· Education: Learning proper body mechanics, ergonomic tips, and lifestyle modifications to prevent future episodes of back pain. Education and self-management strategies are important components of physiotherapy interventions for preventing recurrent episodes of lower back pain [6].

Preventative Measures

Of course, an ounce of prevention is worth a pound of cure. Here are some tips to keep your lower back happy and healthy:

· Maintain Good Posture: Whether you're sitting, standing, or lifting, proper posture is key to preventing back pain. Remember to keep your spine aligned and avoid slouching or hunching over for prolonged periods. Do also remember to regularly adapt your sitting position!

· Stay Active: Regular exercise, especially activities that strengthen your core muscles, can help support your spine and reduce the risk of injury.

· Lift Safely: When lifting heavy objects, bend your knees and keep your back straight. Don't twist your body while lifting, and use your legs to do the heavy lifting, not your back.

· Take Breaks: If you have a desk job or spend long hours sitting, make sure to take regular breaks to stretch and move around.

Wrapping Up

So, there you have it: the lowdown on lower back pain. Remember, you don't have to suffer in silence. If you're dealing with persistent or severe pain, don't hesitate to seek help from our expert Physiotherapists here at Crouch Physio. With the right treatment and preventative measures, you can banish that back pain and get back to living your best life. Stay strong, stay active, and take care of your back!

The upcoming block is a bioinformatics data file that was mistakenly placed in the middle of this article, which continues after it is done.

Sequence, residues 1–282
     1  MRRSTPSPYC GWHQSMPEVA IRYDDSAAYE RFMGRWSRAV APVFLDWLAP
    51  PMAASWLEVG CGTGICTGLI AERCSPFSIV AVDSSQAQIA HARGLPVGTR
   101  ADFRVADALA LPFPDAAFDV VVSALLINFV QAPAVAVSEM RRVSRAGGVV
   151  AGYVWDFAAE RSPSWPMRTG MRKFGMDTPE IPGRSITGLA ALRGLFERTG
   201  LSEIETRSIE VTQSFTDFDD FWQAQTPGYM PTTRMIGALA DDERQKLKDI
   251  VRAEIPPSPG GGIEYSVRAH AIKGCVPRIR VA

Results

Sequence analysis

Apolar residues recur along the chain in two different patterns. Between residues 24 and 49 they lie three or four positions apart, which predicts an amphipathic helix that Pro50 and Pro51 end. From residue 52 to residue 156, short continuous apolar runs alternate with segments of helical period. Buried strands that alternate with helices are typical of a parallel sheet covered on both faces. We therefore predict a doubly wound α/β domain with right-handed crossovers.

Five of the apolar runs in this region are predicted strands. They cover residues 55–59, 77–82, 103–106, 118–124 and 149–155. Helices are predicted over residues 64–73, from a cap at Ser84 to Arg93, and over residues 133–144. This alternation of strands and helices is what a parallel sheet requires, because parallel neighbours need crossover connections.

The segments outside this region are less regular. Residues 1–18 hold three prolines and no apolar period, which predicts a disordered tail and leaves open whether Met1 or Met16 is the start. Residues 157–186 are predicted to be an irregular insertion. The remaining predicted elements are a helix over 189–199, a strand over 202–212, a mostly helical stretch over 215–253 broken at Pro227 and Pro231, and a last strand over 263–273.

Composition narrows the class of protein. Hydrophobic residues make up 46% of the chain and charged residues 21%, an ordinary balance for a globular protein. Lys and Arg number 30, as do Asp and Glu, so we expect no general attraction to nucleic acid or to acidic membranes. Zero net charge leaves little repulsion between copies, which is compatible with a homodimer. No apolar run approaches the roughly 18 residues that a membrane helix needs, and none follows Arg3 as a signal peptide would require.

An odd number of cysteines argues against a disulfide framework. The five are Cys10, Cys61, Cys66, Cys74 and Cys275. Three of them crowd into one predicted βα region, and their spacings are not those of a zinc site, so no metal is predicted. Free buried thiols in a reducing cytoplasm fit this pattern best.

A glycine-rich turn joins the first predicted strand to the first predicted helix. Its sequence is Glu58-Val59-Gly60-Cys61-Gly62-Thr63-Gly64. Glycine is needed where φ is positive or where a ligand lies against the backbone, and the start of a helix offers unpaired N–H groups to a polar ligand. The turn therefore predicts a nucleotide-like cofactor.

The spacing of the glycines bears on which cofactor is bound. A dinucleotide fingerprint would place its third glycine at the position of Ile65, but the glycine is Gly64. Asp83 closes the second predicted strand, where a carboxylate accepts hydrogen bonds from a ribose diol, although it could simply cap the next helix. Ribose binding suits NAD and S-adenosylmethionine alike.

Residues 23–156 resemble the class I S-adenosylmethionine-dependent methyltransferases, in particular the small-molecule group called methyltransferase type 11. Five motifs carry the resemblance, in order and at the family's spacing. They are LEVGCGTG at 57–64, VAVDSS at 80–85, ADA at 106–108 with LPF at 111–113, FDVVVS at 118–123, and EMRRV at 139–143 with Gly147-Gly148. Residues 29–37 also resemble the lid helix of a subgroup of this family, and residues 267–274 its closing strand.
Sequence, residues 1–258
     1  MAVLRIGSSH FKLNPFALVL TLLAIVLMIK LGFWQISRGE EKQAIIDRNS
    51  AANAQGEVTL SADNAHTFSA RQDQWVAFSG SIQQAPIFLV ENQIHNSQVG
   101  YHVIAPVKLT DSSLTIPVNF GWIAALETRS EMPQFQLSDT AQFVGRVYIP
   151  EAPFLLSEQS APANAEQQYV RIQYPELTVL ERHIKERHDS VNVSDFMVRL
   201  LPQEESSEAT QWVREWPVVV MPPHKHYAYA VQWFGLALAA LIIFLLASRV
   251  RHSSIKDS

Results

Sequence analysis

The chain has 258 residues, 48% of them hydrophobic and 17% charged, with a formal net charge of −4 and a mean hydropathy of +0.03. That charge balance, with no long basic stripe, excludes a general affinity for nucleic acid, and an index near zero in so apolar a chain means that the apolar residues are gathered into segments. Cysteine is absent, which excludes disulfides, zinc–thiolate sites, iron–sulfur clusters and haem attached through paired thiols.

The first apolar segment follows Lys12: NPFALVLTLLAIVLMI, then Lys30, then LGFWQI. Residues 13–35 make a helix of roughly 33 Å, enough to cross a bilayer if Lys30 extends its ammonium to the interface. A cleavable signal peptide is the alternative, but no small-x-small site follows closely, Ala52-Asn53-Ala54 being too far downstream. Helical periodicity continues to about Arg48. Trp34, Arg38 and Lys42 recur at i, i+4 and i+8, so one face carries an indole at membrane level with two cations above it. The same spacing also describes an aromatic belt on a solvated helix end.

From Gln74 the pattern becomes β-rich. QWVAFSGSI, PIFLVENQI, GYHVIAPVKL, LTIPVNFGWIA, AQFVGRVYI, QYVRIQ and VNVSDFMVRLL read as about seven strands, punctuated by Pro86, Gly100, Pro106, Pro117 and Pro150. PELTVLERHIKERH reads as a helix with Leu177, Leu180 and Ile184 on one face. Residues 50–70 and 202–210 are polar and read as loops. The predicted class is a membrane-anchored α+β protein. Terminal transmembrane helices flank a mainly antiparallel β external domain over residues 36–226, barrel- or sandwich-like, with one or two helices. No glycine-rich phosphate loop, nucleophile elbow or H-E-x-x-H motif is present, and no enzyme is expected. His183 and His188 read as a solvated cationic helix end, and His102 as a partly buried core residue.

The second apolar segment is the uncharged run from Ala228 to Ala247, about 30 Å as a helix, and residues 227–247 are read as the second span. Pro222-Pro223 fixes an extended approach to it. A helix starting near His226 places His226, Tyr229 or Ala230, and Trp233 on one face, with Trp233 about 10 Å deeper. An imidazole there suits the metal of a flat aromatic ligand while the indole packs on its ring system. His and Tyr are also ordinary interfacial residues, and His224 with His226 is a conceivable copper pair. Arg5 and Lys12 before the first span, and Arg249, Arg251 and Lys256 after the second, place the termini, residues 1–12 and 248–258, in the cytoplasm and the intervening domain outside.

Our Barnet, Cockfosters & Enfield Physio's can assist with lower back related pain. Have confidence that our specialist Physiotherapist will closely assess, diagnose & treat you in the correct & evidence-based way. You can book an appointment here.

Blog By: Emre Oz (Musculoskeletal Physiotherapist at Crouch Physio).


1. Konstantinou, K. and Dunn, K.M., 2008. Sciatica: review of epidemiological studies and prevalence estimates. Spine, 33(22), pp.2464-2472.

2. Adams, M.A. and Roughley, P.J., 2006. What is intervertebral disc degeneration, and what causes it?. Spine, 31(18), pp.2151-2161.

3. Kalichman, L., Cole, R., Kim, D.H., Li, L., Suri, P., Guermazi, A. and Hunter, D.J., 2009. Spinal stenosis prevalence and association with symptoms: the Framingham Study. The spine journal, 9(7), pp.545-550.

4. Rubinstein, S.M., De Zoete, A., Van Middelkoop, M., Assendelft, W.J., De Boer, M.R. and Van Tulder, M.W., 2019. Benefits and harms of spinal manipulative therapy for the treatment of chronic low back pain: systematic review and meta-analysis of randomised controlled trials. bmj, 364.

5. Searle, A., Spink, M., Ho, A. and Chuter, V., 2015. Exercise interventions for the treatment of chronic low back pain: a systematic review and meta-analysis of randomised controlled trials. Clinical rehabilitation, 29(12), pp.1155-1167.

6. Traeger, A.C., Huebscher, M., Henschke, N., Moseley, G.L., Lee, H. and McAuley, J.H., 2015. Effect of primary care–based education on reassurance in patients with acute low back pain: systematic review and meta-analysis. JAMA internal medicine, 175(5), pp.733-74.

49 views0 comments


bottom of page